Perhaps the rarest and most intriguing image in the varied landscape of Ohio is the picture of a waterfall tumbling down a cliff or cascading over the mouth of a cave. The waterfall animates the beautiful scene, gathering light to make the rock sparkle.
Some waterfalls are free-flowing streams that tumble over the edge of a cliff, or springs that gush through the pores in solid rock. Others glide over dainty stair-steps in the stream bed or take mighty leaps over steep drops from rock to rock.
Many of Ohio?s cliff faces and recess caves owe their existence, as well as their appeal, to a waterfall. The waterfall is the artist, the tool that chisels the rock, and the work of art. Like the greatest of artists, the waterfall
devotes everything to its work. When the masterpiece is completed, it may wither away as the unrelenting process of erosion finally gobbles up the base from which the water falls.
A waterfall is formed after years of water erosion. Layers of soil and gravel are worn away until the water reaches erosion resistant rock strata, like sandstone or limestone. Further downstream, the water continues wearing away softer strata, such as shale or loosely cemented sandstone, until a ledge is formed causing water to cascade down ? and a waterfall is born. In some cases, the backwash from the falling water accelerates the erosion of less resistant layers beneath the ledge, forming a recess cave. For every new waterfall plummeting over a rock ledge for the first time, another is eroding itself out of existence.
Natural enemies including drought, changes in vegetation or diversion of the stream may shut off the flow prematurely and threaten the waterfall?s very existence. In pioneer days, a waterfall was a ready source of energy to turn a millstone. The dams and mills are long gone, and no real harm done, but evidence of their presence can still be seen anchored in the rock face near several waterfalls around the state. ?Jean Backs, Editor
Hocking Hills State Park offers a variety of stunning waterfalls. Most picturesque is Cedar Falls, a 50-foot horseshoe-shaped cascade over the sculpted Black Hand sandstone. The delicate falls spilling over the yawning mouth of Ash Cave drops 90 feet to the sparkling splash pool below. In winter, the waterfall often freezes, creating an impressive pillar of ice.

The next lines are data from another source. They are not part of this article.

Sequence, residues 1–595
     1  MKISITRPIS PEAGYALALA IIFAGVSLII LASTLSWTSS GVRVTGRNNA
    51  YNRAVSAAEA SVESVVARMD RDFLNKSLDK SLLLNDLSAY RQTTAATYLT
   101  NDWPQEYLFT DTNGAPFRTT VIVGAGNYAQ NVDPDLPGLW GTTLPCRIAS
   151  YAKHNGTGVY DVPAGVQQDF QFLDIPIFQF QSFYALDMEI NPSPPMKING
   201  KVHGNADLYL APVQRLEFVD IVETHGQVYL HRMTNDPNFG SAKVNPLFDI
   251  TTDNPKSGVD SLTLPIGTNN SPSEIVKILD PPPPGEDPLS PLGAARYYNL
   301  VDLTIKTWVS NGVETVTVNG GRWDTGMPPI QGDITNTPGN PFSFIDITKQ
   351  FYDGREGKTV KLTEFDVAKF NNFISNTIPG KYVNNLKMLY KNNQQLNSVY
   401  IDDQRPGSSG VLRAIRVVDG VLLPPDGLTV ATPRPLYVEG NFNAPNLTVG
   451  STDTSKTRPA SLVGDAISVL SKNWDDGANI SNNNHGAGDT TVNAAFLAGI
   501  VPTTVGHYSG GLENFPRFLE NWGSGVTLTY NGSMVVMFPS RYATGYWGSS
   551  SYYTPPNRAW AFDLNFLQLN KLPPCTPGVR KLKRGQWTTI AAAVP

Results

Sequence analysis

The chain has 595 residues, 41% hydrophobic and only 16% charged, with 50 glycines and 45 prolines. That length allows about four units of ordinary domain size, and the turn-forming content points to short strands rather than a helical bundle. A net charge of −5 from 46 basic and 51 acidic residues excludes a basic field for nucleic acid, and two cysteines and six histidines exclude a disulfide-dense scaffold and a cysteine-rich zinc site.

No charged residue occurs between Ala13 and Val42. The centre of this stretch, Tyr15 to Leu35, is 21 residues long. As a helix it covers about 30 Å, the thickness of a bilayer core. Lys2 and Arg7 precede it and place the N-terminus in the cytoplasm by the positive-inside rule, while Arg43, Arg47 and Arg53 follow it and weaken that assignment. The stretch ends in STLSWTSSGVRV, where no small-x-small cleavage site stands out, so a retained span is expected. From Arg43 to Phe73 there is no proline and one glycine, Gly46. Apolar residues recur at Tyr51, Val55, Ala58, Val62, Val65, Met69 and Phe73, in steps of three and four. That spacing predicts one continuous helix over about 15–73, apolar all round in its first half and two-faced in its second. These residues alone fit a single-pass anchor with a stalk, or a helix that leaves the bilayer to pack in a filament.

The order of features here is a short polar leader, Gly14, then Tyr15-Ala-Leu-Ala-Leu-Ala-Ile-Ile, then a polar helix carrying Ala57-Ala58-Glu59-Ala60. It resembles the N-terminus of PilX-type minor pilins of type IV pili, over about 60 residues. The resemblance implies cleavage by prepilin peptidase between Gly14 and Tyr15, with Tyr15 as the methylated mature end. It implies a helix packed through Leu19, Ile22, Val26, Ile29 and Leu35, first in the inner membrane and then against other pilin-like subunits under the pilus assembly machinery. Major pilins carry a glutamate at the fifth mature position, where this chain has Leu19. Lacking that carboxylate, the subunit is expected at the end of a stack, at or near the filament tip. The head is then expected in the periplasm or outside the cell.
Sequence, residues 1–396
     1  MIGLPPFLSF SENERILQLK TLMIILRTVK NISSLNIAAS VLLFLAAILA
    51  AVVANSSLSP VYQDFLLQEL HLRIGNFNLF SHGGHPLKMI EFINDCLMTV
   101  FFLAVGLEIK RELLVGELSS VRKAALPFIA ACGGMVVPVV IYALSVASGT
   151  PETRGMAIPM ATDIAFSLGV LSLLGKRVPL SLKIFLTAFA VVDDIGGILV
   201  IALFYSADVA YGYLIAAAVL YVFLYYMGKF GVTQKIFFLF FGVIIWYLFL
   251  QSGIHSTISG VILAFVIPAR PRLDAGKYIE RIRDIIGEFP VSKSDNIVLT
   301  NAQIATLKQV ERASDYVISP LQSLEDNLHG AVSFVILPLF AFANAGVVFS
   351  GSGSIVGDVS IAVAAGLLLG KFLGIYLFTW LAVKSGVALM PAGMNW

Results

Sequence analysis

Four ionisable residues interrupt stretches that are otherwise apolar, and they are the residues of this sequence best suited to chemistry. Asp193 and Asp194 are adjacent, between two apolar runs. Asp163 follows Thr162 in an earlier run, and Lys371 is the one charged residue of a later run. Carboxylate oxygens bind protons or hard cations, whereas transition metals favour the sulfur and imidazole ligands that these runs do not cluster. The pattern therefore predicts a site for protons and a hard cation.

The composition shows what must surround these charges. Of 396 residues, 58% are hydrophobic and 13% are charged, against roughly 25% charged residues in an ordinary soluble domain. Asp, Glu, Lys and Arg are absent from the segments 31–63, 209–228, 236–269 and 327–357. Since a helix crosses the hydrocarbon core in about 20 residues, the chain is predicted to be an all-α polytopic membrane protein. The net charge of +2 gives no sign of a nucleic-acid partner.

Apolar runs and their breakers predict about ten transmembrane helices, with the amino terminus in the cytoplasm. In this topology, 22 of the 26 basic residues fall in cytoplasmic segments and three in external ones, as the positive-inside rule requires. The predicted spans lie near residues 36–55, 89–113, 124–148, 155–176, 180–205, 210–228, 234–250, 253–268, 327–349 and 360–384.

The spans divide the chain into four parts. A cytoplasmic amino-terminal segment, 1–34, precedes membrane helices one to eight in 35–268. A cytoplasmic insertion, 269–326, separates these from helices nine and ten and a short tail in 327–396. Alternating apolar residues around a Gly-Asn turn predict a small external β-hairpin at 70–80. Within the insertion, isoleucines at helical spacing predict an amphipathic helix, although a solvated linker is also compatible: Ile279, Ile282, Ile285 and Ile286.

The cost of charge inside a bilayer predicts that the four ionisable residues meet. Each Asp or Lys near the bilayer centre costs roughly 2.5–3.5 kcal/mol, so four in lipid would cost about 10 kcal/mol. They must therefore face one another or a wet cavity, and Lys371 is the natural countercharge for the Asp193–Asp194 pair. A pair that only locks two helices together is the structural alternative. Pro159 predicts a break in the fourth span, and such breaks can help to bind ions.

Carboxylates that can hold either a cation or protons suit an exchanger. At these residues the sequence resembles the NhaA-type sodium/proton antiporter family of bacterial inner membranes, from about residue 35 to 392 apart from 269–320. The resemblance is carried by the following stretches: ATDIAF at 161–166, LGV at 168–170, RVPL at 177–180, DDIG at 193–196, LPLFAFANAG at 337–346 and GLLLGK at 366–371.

The Old Man?s Cave gorge boasts four distinct waterfalls along a halfmile stretch of scenic Old Man?s Creek. Upper Falls is a white veil splashing 40 feet over a ledge beneath a quaint natural bridge.
Middle Falls is a series of small falls and rapids churning along the stream bed beneath Old Man?s Cave. The stream bed takes a dramatic dip as Lower Falls plummets 50 feet into a swirling pool. Finally, Broken Rock Falls leaps over a sandstone cliff and splashes from boulder to boulder.
As the rainfall dictates, cataracts also tumble over cliff walls and gush from openings in the rock faces at Cantwell Cliffs, Conkles Hollow and Rock House. Winter may transform these weeping walls into fields of icicles.
Cascade Falls at Nelson Kennedy Ledges State Park plunges 60 feet over the sheer face of the cobbled Sharon Conglomerate.
Minnehaha Falls slips through a crevice and tumbles 25 feet to a rock ledge, before spilling another 20 feet to a splash pool surrounded by massive rock walls.
Upper Lyons Falls tumbles nearly 40 feet over the open mouth of Lyon?s Cave in Mohican State Park. Nearby, Lower Lyon?s Falls takes a 30-foot tumble through the rugged terrain of the Clearfork River gorge.
As the Little Miami River tumbles through its steep-walled gorge at Clifton Gorge State Nature Preserve and neighboring John Bryan State Park, the stream squeezes through a narrow channel in the limestone bedrock and pours out in a gusty spray at ?The Narrows?. Further west, the riverbed takes an impressive fortyfoot dip as the river plunges vigorously into a still pool below.
Hueston Woods State Park boasts a lovely, if modest, stairstep cascade at Cedar Falls along a woodland stream on the Cedar Falls Trail.